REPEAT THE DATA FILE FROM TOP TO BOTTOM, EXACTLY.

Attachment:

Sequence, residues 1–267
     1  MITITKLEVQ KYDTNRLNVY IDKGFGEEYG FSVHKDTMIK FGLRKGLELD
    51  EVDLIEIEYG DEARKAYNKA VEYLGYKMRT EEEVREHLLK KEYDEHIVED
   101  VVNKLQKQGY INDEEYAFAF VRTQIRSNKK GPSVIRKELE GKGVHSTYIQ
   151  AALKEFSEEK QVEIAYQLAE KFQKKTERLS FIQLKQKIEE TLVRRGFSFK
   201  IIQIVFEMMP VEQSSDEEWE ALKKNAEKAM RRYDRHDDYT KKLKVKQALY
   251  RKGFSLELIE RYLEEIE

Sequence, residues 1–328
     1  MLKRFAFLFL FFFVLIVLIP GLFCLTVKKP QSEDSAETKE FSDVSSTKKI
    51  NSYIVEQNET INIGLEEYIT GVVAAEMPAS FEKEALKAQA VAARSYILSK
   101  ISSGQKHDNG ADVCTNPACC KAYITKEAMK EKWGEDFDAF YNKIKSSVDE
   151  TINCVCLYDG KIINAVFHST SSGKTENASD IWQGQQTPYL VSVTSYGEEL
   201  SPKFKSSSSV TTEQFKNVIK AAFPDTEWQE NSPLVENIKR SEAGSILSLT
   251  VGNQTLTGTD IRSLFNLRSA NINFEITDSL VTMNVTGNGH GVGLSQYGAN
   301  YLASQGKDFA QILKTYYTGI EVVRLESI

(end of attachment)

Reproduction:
Sequence, residues 1–267
     1  MITITKLEVQ KYDTNRLNVY IDKGFGEEYG FSVHKDTMIK FGLRKGLELD
    51  EVDLIEIEYG DEARKAYNKA VEYLGYKMRT EEEVREHLLK KEYDEHIVED
   101  VVNKLQKQGY INDEEYAFAF VRTQIRSNKK GPSVIRKELE GKGVHSTYIQ
   151  AALKEFSEEK QVEIAYQLAE KFQKKTERLS FIQLKQKIEE TLVRRGFSFK
   201  IIQIVFEMMP VEQSSDEEWE ALKKNAEKAM RRYDRHDDYT KKLKVKQALY
   251  RKGFSLELIE RYLEEIE

Sequence, residues 1–328
     1  MLKRFAFLFL FFFVLIVLIP GLFCLTVKKP QSEDSAETKE FSDVSSTKKI
    51  NSYIVEQNET INIGLEEYIT GVVAAEMPAS FEKEALKAQA VAARSYILSK
   101  ISSGQKHDNG ADVCTNPACC KAYITKEAMK EKWGEDFDAF YNKIKSSVDE
   151  TINCVCLYDG KIINAVFHST SSGKTENASD IWQGQQTPYL VSVTSYGEEL
   201  SPKFKSSSSV TTEQFKNVIK AAFPDTEWQE NSPLVENIKR SEAGSILSLT
   251  VGNQTLTGTD IRSLFNLRSA NINFEITDSL VTMNVTGNGH GVGLSQYGAN
   301  YLASQGKDFA QILKTYYTGI EVVRLESI